Books + Scans

Experiment

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I’m making a THICK roundback book. Thirty-six signatures! I’ve only done this particular binding once before, so I wanted to see if I could control the curve on a larger scale.

I’ve been having fun making books where I amplify one variable: What does an extra-large (2.5 x 3 feet) German case binding look like? What happens when a relatively small book has thirty-six signatures? And so on, in a test of my binding capabilities and of the bindings themselves, and the effect on the reader-viewer.

xoxo

Experiment

Touch

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I made a cigar box with a hole on each side with sweatshirt sleeves attached.

A vehicle for touch!

Now I’m making books to be read with one’s hand in the box, presumably holding someone else’s hand, a series of “Books for One Hand.” I think I’ll make more boxes too, using different scales and materials. Meg said this one reminded her of a Kleenex box, in proportion and color, and it’s true, rrgg.

I’m in a bit of a funk this week; big critique was last week and now I’m marinating in commentary, a little unsure of where to go next. I had decided to go on research paper vacation, but then I made this little book today, so I’m all over the place. I think the sun’s gone away too finally, for probably a long time, so maybe that’s a cause for funk too.

Oh, and I’ve made a blog for my MFA class, but there’s no content yet, so I’ll share when it becomes… Robust? That’s what I’m hoping for at least (no sense in me blogging alone in two places).

Xoxo!

Touch

Exercise

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I’m working on producing a lot of things to work out ideas. I’ve been making these page spreads incorporating fibers and typewritten text and Polaroids. I’m not sure what they’ll lead to? I’m struggling a little bit with the decorative nature this work. I like it, and I like making it, but is this enough to justify it? Right now I’m treating it as bell work, a daily exercise to get my hands busy.

Alyssa used to tell us something that her teachers told her: “slowly, slowly.” I will trust in trusting that patience and time will bring …something.

Xoxo!!

Exercise

Miscellany (expansion)

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Many things have been happening (understatement?).

Top to bottom:

I may have found resolution for the Nest of Gratitude. A box? There is going to be an open house potluck show at the MFA space this week, so I’d like to show a few nests.

I’m learning about box making from Barb. The best adjective I can think of to apply to box making is “satisfying.”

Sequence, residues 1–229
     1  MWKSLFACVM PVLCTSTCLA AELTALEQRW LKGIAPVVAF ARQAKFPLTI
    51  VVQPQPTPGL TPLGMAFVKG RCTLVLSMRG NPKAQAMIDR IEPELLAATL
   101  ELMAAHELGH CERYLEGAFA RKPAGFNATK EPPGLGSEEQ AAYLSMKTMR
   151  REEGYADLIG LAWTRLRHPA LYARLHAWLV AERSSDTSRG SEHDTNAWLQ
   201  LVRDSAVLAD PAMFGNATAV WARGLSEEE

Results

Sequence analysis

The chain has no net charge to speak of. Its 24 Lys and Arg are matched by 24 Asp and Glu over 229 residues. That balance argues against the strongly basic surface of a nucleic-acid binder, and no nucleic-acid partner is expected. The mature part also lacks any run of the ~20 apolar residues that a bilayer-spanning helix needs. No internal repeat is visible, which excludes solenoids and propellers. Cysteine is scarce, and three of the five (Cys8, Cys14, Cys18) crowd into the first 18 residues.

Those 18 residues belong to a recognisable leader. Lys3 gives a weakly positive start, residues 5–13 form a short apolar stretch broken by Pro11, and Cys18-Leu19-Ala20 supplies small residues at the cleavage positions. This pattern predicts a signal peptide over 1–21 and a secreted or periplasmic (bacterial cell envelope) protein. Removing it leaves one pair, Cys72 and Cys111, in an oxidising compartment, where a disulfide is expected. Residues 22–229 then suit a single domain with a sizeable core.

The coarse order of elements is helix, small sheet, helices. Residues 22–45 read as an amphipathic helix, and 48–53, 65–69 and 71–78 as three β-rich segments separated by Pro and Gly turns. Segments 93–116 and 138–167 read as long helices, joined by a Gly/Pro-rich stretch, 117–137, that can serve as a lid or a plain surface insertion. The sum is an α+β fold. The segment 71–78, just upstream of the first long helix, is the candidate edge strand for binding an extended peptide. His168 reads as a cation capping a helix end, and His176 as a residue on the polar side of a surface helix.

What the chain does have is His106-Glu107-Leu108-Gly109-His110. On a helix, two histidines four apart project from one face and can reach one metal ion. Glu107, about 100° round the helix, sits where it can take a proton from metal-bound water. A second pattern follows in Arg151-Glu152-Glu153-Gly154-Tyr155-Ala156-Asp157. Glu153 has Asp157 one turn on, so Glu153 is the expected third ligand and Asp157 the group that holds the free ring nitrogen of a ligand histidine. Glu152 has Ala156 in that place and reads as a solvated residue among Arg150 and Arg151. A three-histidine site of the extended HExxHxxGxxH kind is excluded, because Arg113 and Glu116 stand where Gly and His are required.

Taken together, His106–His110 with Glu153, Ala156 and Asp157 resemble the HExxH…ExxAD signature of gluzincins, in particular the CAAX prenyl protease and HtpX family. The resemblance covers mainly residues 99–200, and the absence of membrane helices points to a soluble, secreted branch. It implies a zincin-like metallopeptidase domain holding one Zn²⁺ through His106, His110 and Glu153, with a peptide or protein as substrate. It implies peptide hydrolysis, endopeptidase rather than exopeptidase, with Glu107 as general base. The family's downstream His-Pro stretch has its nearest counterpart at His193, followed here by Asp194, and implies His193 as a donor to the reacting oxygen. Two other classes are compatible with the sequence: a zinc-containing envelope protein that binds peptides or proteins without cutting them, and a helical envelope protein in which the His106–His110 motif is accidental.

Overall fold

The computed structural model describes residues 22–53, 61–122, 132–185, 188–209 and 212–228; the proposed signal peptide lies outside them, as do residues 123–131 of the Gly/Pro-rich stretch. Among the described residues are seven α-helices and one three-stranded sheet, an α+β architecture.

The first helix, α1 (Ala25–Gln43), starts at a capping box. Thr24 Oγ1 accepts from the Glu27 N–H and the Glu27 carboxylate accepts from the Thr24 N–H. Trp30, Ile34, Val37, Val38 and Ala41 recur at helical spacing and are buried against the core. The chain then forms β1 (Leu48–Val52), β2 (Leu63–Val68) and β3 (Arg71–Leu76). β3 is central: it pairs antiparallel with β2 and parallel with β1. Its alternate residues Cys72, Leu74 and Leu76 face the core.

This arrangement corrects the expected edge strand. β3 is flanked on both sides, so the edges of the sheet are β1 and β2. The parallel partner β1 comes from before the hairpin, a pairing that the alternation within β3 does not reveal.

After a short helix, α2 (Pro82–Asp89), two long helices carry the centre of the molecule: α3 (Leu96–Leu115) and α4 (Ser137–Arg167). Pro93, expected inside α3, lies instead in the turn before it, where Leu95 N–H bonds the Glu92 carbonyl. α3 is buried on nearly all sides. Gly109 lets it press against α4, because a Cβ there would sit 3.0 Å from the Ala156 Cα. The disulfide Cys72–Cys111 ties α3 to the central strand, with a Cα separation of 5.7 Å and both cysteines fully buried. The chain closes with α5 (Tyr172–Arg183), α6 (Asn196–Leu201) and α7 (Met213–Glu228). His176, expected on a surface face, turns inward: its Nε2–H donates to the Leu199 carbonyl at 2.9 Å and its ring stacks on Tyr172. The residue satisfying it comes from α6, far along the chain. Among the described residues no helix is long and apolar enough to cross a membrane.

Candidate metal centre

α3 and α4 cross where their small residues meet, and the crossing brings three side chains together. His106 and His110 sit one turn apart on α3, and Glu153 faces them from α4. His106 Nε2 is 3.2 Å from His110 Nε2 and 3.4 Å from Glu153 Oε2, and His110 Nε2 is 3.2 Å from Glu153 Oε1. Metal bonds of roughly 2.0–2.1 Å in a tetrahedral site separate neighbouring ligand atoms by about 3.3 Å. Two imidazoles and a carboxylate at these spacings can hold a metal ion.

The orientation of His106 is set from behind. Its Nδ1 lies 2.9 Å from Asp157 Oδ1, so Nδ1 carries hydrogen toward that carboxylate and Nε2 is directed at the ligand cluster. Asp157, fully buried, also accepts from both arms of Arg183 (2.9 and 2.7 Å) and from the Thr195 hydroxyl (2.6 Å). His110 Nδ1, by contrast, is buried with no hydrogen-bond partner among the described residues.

The lovely view from my studio window.

Jeik and I bought a tiny press together. Right now it is in the bedroom so I can see it when I wake up, and think of all the tiny prints I will make on it with Jeik one day. Not pictured: three cases of type(!).

I’ve been learning about mold making for ceramics in an effort to revise and expand upon the tooth vessel series. Casting and molding reminds me of printmaking, so my intention is to create ceramic work from the perspective of a printmaker (working in an interdisciplinary way, of course). This box contains alginate that I will use to cast teeth, fingers, toes. The side of the box is quite inspirational!

In other news, graduate school is blowing my mind a little bit. We’ve spent a good deal of time questioning and deconstructing what we are doing in our art practices, and what we are doing pursuing an MFA. There’s been a lot of self-reflection, as well as excitement to MAKE.

Xoxo

Miscellany (expansion)

Lost and Found

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I received this sweet email the other day regarding one of the Lost and Found books:

Hi Amanda,
I meant to send this to you ages ago… I took one of your Lost & Found books from your table at an art event at Club Congress in April. I loved it so much, it was difficult to let it go, but I managed to do it. I “lost” it at the Little Free Library in Dunbar-Spring, on 2nd St and 10th Ave. I wanted to make sure it didn’t get rained on or thrown in the trash, so I thought this was a safe place. Though I’m sure you were prepared for the risks involved in losing your book, I regret not including your contact information in the book before I lost it. Maybe someday, it’ll come back to you, somehow.
Thanks for sharing your art with me. Here are some photos, attached.

I started this project with no expectation of getting a response, so I’m amazed that anyone has gotten back to me at all. I’m delighted!

Lost and Found